It follows that, when an alloy composition is being selected for an extruded or rolled product, a compromise must be struck with respect to the deformability, the decorative appearance, and the mechanical strength, which manifests itself in final strength, ductility, and toughness.

The objective of the invention is to make available an aluminum alloy for structural members which have good deformation properties, have sufficient strength and ductility in the state in which they will be used, and can be decoratively anodized.

This objective is achieved with an aluminum alloy with the composition and features specified in claim 1. The optimum properties with respect to mechanical strength and deformation behavior are achieved, first of all, by a silicon content of 0.3 to 0.9 wt. % and a magnesium content of 0.1 to 0.5 wt. %, with the ratio by weight of these two constituents being adjusted in such a way that an excess of silicon over magnesium is present, especially a silicon-magnesium ratio by weight of 1.8 to 3.3. The strength is enhanced by a copper content of 0.1 to 0.4 wt. %, which causes solid solution hardening. Good deformability is guaranteed by the content of recrystallization inhibitors (iron, zirconium, chromium, vanadium). Iron is often present as an impurity in a parent alloy. However, it can also be added as an alloying component up to a content of 0.2 wt. %. Zirconium, chromium, and vanadium can be present in the alloy individually or together up to a content 0.22 wt. %. Despite the presence of the aforementioned recrystallization inhibitors, the alloy of the invention can be decoratively anodized and shows no yellowish or cloudy eloxal coating. This is the result of the strontium content of 0.005 to 0.1 wt. %. It is assumed that the strontium alters the iron-, zirconium-, chromium-, and/or vanadium-containing phases, in particular, that it renders them less coarse to the extent that they do not cause visible clouding even when they are incorporated in the eloxal coating. The surprising finding was made that a ratio by weight of iron to strontium of 3:1 to 5:1 is especially advantageous.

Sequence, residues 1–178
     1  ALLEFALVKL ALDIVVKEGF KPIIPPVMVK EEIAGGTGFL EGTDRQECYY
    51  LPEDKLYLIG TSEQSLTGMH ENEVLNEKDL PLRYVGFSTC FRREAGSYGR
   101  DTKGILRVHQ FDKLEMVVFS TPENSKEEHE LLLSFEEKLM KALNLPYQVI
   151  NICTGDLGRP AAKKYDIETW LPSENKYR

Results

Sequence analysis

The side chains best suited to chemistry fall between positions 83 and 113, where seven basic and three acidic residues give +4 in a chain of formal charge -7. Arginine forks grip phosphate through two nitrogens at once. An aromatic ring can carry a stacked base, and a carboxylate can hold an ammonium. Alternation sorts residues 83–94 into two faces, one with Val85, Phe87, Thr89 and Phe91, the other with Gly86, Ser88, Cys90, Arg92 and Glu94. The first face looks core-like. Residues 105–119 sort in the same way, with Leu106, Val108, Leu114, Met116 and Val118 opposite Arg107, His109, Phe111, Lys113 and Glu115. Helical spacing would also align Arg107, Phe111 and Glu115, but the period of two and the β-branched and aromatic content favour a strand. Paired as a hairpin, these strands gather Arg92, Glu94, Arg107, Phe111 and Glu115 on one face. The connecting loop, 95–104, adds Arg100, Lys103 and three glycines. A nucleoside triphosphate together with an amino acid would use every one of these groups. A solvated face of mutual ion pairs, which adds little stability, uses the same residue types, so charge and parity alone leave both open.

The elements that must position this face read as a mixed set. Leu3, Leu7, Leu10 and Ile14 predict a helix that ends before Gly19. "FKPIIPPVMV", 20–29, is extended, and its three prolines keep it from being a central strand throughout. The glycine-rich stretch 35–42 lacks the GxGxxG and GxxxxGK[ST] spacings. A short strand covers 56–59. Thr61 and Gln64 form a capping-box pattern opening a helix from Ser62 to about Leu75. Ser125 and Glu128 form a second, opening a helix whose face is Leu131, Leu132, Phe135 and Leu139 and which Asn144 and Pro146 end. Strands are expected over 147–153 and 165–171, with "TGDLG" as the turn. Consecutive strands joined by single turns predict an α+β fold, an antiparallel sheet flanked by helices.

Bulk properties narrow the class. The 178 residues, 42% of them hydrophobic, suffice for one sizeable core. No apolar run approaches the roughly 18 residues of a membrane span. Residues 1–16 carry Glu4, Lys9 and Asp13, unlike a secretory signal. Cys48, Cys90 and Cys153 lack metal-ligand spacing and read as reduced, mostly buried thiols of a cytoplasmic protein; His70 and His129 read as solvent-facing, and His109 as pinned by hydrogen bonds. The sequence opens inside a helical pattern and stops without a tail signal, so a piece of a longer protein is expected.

An alloy of this type is produced from an aluminum parent material with more than 99.85 wt. % aluminum. The alloying components are added to the melt as follows: 0.3 to 0.9 wt. % silicon, 0.1 to 0.5 wt. % magnesium, with the ratio by weight of silicon to magnesium being 1.8:1 to 3.3:1. Since iron can be present as an impurity in the aluminum parent material, the iron content of the parent material is determined. If necessary, additional iron is added as an alloying component, so that the alloy to be produced contains up to 0.2 wt. % iron. In addition, strontium is added in amounts of 0.005 to 0.1 wt. %, and the ratio by weight of iron to strontium is adjusted within the range of 3:1 to 5:1. The addition of 0.008 to 0.07 wt. % strontium is preferred. The following additional alloying components are added: 0.1 to 0.4 wt. % copper, 0.03 to 0.2 wt. % manganese, 0.01 wt. % titanium, and total amounts of 0.08 to 0.22 wt. % zirconium and/or chromium and/or vanadium. The alloy should contain a maximum of 0.04 wt. % zinc, and unavoidable impurities should be present in maximum amounts of 0.02 wt. % each with a total combined maximum amount of 0.15 wt. %. In addition, a specific fraction of silver can be added for alloy identification, namely, 0.0005 to 0.005 wt. %.